How do we shape a world safe for kids?
Written by Jan Resseger
Our children are among God's greatest gift. Jesus welcomed children, blessed them, and cautioned those who would put stumbling blocks before them.
This season of Thanksgiving creates an opportunity for us to celebrate God's creation by working for a society that welcomes all children. Public schools in the United States, serving over ninety percent of America's 54 million children, are institutions where we need to promote systemic, institutional justice.
Here are some ways you and your congregation can help public schools respond to all children:
Join us in November 2000 as we launch a new public education forum, Supporting Stronger and More Equitable Public Schools on the UCC website. We'll kick off the discussion by looking at the cover article, "Our Faith Informs School Finance Debate," in the Justice and Witness Ministries' 2000-2001 Message on Public Education, recently mailed to your congregation, to all Christian educators, and to members of Justice and Peace networks for children and public education. The article itself is posted at ucc.org. This interactive forum will connect you with others who share your concern about public schools.
Identify the serious challenges for your schools. Use the discussion guide published in the 2000-2001 Message on Public Education and posted on the UCC website ucc.org. It was prepared by the two-year-old UCC Public Education Task Force. Within your congregation, create an opportunity for adults, adolescents and adults together, or your youth group to prioritize education issues in your community. If you try this process with your youth group, including a way for these adolescents to report back to adults in your congregation, experience at the National Youth Event and Harambee shows that your congregation will be surprised and fascinated by the concerns of adolescents. At those two youth events, groups of middle school and high school students identified school funding as a top concern for school districts across the nation.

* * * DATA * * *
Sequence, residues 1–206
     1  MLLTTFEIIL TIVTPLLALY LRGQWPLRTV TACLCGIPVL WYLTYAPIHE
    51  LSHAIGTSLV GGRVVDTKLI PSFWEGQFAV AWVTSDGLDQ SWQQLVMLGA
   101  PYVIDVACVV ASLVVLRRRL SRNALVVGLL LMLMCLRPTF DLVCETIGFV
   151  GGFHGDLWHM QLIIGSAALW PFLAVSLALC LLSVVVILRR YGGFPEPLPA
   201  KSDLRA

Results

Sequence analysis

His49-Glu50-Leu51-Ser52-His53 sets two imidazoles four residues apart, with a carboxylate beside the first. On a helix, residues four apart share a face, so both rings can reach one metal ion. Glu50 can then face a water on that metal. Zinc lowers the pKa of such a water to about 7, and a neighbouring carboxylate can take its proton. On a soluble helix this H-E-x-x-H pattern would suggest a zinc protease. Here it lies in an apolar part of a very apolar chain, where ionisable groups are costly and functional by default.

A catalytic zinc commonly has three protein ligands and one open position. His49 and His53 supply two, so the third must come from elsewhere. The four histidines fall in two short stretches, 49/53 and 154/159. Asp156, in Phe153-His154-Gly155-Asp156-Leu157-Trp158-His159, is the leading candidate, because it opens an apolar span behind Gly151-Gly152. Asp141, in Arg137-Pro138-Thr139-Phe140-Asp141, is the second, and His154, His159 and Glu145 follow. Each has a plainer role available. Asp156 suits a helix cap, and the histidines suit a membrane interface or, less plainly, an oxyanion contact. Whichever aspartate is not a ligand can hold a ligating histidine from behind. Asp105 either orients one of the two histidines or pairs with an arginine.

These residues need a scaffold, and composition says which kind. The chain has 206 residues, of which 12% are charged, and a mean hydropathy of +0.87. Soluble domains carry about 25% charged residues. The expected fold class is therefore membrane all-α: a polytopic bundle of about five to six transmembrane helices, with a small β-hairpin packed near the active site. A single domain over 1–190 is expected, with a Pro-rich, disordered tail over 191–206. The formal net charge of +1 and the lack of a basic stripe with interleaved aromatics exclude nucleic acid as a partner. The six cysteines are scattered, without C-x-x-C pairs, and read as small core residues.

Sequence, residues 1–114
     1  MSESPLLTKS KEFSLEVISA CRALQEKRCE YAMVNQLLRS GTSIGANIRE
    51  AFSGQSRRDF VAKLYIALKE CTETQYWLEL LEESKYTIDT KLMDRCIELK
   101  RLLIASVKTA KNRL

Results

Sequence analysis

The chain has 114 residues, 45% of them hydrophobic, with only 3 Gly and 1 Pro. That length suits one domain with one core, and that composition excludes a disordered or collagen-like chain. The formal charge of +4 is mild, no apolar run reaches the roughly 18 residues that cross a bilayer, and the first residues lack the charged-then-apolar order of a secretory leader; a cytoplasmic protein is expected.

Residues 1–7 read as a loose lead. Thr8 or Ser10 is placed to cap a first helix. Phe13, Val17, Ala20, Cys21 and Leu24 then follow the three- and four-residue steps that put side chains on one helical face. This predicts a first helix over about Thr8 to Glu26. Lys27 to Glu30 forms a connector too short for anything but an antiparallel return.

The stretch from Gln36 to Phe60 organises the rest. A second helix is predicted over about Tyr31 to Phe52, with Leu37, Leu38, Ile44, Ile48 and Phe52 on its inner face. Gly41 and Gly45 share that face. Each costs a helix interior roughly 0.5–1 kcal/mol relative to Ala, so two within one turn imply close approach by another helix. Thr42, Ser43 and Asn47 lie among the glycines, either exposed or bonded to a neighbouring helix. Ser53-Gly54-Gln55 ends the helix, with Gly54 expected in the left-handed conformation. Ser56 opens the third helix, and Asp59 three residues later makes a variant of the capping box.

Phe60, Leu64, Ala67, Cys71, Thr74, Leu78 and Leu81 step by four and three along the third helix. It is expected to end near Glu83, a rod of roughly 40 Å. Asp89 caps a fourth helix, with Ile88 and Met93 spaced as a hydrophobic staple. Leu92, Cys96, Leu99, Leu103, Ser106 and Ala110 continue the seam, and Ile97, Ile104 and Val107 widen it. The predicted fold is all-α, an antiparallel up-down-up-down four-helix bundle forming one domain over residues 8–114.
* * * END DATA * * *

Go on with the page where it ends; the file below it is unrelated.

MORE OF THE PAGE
Visit a school. Follow the lead of the Public Education Task Force and plan a group visit to a school in your area. To study issues in urban education the Task Force visited schools in Philadelphia and Portland, Ore. Schools in both locations now proudly display the plaques the Task Force presented them. A middle school teacher in Philadelphia told us our visit reassured him that the community cares about the children in his school. School visits are a potent way for visitors to learn about the expectations a community holds for its children, from the physical environment and from the relationships observed among students, teachers, and other staff. Follow up a visit by thinking about a partnership between your congregation and the school. The Ministry for Public Education and Witness can provide resources about developing partnerships, both ideas and technical support.
General Synod 18, in its pronouncement, Support of Quality, Integrated Education for All Children in Public Schools, stated, "As Christians we believe that God desires for children the life abundant which comes from the fullest development of their gifts—physical, intellectual, social and spiritual." As people of faith surely we are called to develop programs and to work for public policy that will help public schools realize this dream.
Jan Resseger is Minister for Public Education and Witness in Justice and Witness Ministries in the UCC's national setting. Contact her for copies of the 2000-2001 Message on Public Education or additional resources for any of these initiatives, or to discuss your plans to support public schools, at 700 Prospect Avenue, Cleveland, OH 44115-1100; phone 216-736-3711; e-mail email@example.com.